That is the principal purpose of the ECA. It goes further than even United States law. It does not require the employer to negotiate in good faith, does not prevent him or her from trying to pick off individually workers who have elected to bargain collectively, does not even contain the word “union.”
Since its passage in 1991, union numbers have almost halved — from 675,000 in 1990 to just 345,000 by mid-1995. At a generous estimate, that represents roughly 30% of the potential union catchment. But, while this has occurred under the ECA and was the intention behind the ECA, it is not entirely the ECA’s achievement. That there were other factors at work, not peculiar to New Zealand, is evident in the fact that 30% union penetration is, as Kasper observes, consistent with “OECD-wide trends.”
Principal among these other forces is the transition to a service sector-dominated economy as the services, with the exception of health, education and government administration, are notoriously difficult to organise. This has led American thinker, Peter Drucker, to suggest that unionism as an instrument for the political mobilisation of workers may be an historic phenomenon which was a creature of labour intensive mass production and will decline as technology displaces manufacturing jobs.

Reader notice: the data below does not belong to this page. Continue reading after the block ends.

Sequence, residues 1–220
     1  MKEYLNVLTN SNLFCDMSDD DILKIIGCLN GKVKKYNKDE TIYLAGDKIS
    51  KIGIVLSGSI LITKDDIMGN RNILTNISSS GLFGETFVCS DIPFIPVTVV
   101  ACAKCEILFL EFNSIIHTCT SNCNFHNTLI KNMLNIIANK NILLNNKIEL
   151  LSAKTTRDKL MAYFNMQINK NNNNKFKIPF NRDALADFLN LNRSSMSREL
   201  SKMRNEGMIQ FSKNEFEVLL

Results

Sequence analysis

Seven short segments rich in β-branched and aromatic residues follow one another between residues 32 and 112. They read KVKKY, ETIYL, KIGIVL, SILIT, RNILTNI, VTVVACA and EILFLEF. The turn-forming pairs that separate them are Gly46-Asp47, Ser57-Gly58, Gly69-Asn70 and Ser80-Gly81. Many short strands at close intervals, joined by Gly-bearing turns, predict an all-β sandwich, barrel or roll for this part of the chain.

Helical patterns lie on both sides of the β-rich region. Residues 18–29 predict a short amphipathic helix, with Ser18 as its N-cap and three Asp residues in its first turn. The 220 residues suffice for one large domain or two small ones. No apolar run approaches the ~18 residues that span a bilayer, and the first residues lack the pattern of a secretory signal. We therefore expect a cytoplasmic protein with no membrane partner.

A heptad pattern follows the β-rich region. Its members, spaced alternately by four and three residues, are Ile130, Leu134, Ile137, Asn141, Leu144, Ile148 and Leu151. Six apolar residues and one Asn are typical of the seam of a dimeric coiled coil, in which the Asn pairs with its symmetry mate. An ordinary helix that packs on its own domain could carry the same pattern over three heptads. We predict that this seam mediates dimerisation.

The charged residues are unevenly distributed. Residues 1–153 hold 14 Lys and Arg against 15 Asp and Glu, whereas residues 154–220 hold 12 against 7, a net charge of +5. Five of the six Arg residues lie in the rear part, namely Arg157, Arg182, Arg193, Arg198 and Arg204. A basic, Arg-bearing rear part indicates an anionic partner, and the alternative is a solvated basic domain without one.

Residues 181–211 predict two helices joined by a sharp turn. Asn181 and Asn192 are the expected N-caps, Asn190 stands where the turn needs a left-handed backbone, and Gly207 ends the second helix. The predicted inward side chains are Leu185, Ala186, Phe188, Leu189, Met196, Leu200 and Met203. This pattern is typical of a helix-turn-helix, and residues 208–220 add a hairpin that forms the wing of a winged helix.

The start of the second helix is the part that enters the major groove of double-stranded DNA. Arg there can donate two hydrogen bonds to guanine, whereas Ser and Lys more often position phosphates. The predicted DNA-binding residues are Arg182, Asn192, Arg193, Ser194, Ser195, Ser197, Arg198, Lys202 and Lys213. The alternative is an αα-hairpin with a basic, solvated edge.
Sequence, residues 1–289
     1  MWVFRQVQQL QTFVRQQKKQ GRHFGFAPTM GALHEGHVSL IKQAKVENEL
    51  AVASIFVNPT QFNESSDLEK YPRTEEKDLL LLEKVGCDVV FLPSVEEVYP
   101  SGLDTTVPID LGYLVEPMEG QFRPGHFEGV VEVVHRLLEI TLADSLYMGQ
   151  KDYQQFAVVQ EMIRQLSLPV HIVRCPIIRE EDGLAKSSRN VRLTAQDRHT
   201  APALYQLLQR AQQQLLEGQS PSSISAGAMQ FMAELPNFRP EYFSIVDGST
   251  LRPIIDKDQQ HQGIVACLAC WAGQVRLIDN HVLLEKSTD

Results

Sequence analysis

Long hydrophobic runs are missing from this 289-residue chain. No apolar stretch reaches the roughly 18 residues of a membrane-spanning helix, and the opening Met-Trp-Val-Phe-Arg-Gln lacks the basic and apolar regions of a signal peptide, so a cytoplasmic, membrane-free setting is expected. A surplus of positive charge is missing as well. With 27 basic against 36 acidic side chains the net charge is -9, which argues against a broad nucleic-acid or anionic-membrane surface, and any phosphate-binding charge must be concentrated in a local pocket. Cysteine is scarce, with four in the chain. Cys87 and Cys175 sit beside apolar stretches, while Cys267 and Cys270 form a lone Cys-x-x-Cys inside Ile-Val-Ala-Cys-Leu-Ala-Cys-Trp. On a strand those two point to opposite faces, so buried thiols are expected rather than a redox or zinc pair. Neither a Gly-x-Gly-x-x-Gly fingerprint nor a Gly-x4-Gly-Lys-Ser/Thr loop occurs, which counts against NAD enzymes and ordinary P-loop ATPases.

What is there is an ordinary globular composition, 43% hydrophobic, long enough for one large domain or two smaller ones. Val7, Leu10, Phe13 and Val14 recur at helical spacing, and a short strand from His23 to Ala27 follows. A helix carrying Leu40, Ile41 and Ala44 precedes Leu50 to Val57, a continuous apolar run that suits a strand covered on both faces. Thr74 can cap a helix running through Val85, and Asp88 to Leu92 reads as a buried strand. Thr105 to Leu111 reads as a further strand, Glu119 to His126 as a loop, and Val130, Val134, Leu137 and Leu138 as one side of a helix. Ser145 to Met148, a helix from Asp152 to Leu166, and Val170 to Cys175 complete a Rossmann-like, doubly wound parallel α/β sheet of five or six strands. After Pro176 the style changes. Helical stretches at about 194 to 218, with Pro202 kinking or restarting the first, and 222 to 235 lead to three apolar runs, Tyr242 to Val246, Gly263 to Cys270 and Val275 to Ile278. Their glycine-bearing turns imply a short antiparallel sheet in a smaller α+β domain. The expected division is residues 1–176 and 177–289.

Taken in this wider context, the ECA was no more than a catalyst. But the clock, having been wound forward, cannot now be wound back. New Zealand’s exposure to global markets is part of the explanation for that. The other part is that workers, having tasted the freedoms of the ECA’s permissive regime, will not lightly give them up.
In recognition of these realities, all the Council of Trade Unions (CTU) is really asking for are changes which would put unions here on the same footing as those in the United States. And, beneath its rhetoric about repealing the ECA, that is all the CTU’s political ally — Labour — is really offering. It is a sign of how far we have come that, as recently as six years ago, the United States was held up as the ultimate in labour market deregulation.
When I was asked to write this I was also asked for a thoughtful analysis of where to from here. I have failed to provide that because I believe it will take more than a change of government before there is any meaningful shift in direction. It will take something cataclysmic and external to produce a swing in the pendulum away from free trade and toward protectionism. And that will take a major war or a crisis in the world economy. But, at least in the cultural sense, the ECA does represent a turning point. It represents a deliberate decision by the government on behalf of the community to subordinate the value of social cohesion to the value of economic efficiency. And even Kasper cannot convincingly demonstrate that it has delivered the efficiencies National hoped of it.
Patricia Herbert is economics editor of the New Zealand Herald. She studied American labour market policy on a Harkness Fellowship in 1994/95.